A Deconstructed Sushi Roll in New York--at a Latin-Fushion Restaurant?
Find this creative bite at Rayuela
The tuna rellena ($14) is the one of the more inventive sushi dishes in New York and it isn't even at one of the city's many Japanese restaurants. It's at the premier estillo libre Latino (freestyle Latino) restaurant of the Lower East Side--Rayuela. The tuna rellena is the restaurant's signature dish--it's survived two menu overhauls.
Surprisingly, Rayuela's deconstructed avocado tuna roll (sans rice) doesn't violate the restaurant's theme of Latin-fushion. Brazil is home to the largest Japanese population outside of Japan, so soy sauce is a South American staple, an import of sorts. Rellena is a traditional dish of Chile and Peru, where baked dough is filled with meat and mashed potatoes and then deep fried. You won't find any starch on this plate though--Rayuela has simply borrowed the word rellena, which is Spanish for stuffed.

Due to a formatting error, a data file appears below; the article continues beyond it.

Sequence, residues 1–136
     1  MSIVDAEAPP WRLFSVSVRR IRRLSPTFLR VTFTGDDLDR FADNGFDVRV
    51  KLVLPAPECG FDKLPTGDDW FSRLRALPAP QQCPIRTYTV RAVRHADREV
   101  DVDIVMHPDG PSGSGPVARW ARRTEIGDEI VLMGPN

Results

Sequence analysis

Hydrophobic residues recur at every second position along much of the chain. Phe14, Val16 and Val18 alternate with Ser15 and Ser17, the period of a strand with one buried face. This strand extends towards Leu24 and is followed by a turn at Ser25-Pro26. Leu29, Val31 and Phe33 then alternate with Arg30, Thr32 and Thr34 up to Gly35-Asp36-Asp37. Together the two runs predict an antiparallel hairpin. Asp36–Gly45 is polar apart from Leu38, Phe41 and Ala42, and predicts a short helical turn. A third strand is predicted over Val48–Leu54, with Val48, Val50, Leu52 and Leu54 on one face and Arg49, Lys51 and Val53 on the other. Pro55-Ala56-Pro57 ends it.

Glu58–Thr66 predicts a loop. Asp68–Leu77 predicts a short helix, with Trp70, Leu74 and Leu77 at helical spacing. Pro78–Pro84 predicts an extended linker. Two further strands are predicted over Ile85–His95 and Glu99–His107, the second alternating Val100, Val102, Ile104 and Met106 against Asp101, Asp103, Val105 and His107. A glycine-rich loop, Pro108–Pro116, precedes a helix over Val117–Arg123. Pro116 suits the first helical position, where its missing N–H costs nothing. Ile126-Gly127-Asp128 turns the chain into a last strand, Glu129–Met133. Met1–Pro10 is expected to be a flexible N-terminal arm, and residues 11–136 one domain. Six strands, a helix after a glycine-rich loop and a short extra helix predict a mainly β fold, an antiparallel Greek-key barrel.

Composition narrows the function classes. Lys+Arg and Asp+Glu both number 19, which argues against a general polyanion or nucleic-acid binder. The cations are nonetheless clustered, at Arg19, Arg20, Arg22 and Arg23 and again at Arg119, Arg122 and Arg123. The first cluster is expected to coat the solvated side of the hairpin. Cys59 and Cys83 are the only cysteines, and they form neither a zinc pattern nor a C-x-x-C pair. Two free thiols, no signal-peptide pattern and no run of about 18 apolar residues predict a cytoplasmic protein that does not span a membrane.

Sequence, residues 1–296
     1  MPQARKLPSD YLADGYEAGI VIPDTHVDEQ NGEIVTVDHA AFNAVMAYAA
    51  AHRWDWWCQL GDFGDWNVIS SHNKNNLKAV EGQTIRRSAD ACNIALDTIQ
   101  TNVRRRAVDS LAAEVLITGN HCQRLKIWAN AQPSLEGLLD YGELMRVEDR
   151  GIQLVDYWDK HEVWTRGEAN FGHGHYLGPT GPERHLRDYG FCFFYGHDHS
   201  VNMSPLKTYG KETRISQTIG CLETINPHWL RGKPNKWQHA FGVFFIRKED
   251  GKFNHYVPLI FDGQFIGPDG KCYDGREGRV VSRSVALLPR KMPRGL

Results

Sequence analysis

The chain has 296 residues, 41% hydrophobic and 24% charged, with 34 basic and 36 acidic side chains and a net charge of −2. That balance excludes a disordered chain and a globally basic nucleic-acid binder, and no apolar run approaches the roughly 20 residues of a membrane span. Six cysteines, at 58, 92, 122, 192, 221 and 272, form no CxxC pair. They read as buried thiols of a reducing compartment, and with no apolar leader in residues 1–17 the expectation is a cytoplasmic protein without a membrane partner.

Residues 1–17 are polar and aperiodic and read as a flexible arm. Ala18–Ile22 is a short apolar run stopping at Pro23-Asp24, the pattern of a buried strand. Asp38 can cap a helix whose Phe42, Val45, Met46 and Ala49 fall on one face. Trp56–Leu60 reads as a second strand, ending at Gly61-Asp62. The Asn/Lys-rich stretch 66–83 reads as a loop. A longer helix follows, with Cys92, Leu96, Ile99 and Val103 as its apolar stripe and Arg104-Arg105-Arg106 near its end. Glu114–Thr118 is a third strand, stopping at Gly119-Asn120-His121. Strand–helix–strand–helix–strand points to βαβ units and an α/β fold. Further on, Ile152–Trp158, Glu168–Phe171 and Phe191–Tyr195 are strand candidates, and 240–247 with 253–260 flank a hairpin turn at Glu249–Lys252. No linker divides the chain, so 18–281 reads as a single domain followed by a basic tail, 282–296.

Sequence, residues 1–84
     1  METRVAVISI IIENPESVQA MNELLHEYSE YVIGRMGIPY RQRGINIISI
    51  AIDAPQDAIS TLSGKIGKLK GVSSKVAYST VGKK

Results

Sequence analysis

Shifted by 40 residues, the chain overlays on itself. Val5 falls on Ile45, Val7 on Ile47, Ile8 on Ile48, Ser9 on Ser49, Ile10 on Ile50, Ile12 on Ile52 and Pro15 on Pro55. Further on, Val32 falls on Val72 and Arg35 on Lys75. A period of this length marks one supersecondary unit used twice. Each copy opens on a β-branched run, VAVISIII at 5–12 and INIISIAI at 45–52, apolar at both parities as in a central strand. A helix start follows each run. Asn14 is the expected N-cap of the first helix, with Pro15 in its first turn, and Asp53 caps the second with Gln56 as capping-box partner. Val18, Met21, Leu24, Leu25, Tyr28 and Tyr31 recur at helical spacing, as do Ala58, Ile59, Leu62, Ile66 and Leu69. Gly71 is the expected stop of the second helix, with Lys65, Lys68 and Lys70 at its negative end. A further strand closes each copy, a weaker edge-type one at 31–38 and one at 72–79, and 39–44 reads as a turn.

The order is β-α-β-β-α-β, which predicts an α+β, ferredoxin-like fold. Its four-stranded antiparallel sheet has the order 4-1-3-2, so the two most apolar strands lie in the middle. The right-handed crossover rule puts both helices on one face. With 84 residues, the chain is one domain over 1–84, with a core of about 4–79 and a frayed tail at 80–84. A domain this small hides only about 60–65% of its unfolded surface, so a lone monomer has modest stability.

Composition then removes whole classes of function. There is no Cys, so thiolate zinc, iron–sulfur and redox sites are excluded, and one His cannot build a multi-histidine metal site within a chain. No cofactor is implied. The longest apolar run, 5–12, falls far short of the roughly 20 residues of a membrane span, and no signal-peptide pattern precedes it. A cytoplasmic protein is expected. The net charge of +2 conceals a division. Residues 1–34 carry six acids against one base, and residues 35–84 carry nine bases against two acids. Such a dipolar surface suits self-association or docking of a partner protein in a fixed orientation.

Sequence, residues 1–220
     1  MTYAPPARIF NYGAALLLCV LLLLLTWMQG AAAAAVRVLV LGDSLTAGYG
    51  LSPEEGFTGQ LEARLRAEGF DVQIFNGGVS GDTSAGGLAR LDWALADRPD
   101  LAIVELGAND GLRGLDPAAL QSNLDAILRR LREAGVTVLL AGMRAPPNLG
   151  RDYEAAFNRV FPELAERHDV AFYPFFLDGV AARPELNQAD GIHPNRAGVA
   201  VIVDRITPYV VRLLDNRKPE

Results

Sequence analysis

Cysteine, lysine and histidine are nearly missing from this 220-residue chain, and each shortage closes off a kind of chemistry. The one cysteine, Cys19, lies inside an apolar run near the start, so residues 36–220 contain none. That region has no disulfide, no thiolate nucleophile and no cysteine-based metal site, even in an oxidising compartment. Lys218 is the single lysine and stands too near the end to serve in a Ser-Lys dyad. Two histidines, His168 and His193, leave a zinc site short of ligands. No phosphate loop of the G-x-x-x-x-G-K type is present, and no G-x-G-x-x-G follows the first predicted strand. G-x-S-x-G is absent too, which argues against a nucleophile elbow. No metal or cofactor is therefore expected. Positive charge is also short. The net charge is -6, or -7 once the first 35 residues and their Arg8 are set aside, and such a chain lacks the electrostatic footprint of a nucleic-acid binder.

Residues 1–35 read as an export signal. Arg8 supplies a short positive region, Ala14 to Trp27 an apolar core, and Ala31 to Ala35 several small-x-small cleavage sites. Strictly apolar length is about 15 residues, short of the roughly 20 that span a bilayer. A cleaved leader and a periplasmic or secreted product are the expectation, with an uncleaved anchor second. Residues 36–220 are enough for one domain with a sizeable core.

And stuffed it is. Inside the silky sliced sashimi tuna is a generous helping of shrimp and crab held together with spicy chipotle aioli. But wait--there are still two more layers to get onto your fork before you can take the first bite. Underneath the tasty orb of seafood goodness is a pillowy-cushion of avocado mousse atop a thin veil of mandolined cucumbers--all floating in a shallow, chill soy sauce broth. Try not to drink it.
After the first bite, you will start to count the number of mouthfuls left so that the same complex flavors flow onto your palette with each bite. Don't bother. You might even be tempted to give a piece to your now-hovering seatmate. Go the rude route and keep it for yourself--sharing will surely lead to regret.
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